Why Be Married? Not Alone for Our Own Happiness
Before the ceremony Mrs. Stillwell addressed the audience and told some of her experiences when first she came to Portland 18 years ago. Then, while the Army band played the wedding march, the bridal couple entered and took seats on the platform amid the applause of the crowd.
Miss Mitchell was in the dress uniform of the Army, with a white silk sash about her waist and shoulders and a white bow on her hair. Aside from these simple distinctions, she was garbed as simply as any other Army woman in the house. Mr. Vanderkelen wore the conventional uniform of the corps.
The flag of the Army and the flag of the United States were carried to the center of the platform before the altar and spread so as to form a background. Before this the couple and Brigadier Stillwell took their stand. Mrs. Stillwell then read the marriage vow of the Salvation Army: "We do solemnly swear that we seek this union not alone for our own happiness, though we hope that through it it may be advanced, but because we believe we will be better fitted to carry on the work of the Salvation Army. We will in no way let this union come between us and the work of the Salvation Army. We will each of us not object to anything the other may desire to do to further the work of God through the Salvation Army."
"If you desire to become husband and wife on these terms," said Brigadier Stillwell, "stand forth."
Miss Mitchell and Mr. Vanderkelen immediately advanced to the altar, and there, through the ceremony of the Salvation Army were made husband and wife. After concluding the ceremony Brigadier Stillwell congratulated the pair, and the members of the Army in the hall shouted their approval of the union. The bride sat on the platform smiling happily, and the groom smiled back with the air of a soul-satisfied man.”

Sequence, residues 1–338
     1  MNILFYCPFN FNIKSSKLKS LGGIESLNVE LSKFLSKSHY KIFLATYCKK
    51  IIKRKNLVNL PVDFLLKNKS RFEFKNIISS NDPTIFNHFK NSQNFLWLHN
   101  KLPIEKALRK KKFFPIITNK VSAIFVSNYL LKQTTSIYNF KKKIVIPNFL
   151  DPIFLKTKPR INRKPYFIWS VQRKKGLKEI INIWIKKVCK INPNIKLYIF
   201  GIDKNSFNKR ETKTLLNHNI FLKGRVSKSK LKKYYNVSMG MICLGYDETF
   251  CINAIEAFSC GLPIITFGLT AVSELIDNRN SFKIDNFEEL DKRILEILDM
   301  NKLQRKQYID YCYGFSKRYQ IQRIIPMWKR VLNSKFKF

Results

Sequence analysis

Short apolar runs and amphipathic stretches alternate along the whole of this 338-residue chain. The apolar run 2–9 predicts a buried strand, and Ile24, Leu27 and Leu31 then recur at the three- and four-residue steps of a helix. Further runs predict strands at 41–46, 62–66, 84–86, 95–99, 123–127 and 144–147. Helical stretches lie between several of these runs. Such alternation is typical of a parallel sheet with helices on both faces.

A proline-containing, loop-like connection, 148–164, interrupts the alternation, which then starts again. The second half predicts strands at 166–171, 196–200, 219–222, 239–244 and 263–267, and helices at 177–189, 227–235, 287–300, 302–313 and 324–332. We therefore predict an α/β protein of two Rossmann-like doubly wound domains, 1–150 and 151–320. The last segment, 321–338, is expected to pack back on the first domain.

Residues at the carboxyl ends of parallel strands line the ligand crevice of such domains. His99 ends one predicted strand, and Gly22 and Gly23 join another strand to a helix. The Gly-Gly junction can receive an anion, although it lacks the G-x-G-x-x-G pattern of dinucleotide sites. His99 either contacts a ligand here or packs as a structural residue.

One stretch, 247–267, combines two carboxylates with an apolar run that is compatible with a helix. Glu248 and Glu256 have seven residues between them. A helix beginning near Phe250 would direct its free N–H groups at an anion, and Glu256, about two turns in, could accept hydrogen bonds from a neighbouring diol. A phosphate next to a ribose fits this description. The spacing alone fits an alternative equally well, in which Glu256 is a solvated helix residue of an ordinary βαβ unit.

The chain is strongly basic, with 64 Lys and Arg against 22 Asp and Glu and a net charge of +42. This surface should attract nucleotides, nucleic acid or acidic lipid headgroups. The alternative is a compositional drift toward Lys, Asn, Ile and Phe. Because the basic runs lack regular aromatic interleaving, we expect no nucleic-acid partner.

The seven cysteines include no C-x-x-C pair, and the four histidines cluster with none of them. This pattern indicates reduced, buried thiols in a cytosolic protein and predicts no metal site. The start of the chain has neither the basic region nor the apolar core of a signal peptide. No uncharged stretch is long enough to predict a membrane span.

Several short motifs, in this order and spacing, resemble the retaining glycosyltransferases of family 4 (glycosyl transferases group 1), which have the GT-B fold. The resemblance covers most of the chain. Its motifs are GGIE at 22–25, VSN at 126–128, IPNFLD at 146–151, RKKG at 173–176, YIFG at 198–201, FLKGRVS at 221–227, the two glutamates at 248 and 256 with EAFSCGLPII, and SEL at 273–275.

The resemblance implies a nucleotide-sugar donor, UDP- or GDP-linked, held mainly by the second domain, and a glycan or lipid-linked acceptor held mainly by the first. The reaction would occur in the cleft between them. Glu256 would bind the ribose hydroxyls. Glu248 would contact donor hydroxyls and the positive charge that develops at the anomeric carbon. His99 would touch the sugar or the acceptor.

- Morning Oregonian, August 6, 1904, as quoted by T. McCracken
You probably do not have my great-grandmother's passion for the work of the Salvation Army. Mary Stillwell had more passion, more fearlessness, and more of a sense of mission than any human being I have ever known.
But you do have a passion, something you do well and yearn to do, something the rest of us need you to do to make this a better world. And you are in danger of failing us. When it becomes difficult to do, your spouse's discomfort is the easiest thing to blame for your decision not to honor your passion, not to be who you were meant to be.
When you share your vows, when you renew them, or even just the next time you stand on the peak of a mountain together surveying the great valley below you, try her promise:
"We do solemnly swear that we seek this union not alone for our own happiness, though we hope that through it it may be advanced, but because we believe we will be better fitted to carry on the work of [fill in your great passion and your spouse's here]. We will in no way let this union come between us and the work of the [fill in your great passion and your spouse's here]. We will each of us not object to anything the other may desire to do to further the work of [fill in your great passion and your spouse's here]."
Not alone for our own happiness but also to be better fitted for our most important work. Like Mary and Henry Stillwell.
That's my grandfather, the baby on his mother's lap. The photo was taken about two years before Mary's business trip to Portland. She had one more child before the trip. She continued to follow her passion after she became a single mother less than a year later, when Henry died of consumption. She did not stop when the daughter standing next to her died a few months later, after their cross-country move and her older her sister's wedding, nor when the son born 18 months after my grandfather died a decade later.
Some report being unhappy because marriage keeps them from doing the things they love. Think they might have it backwards?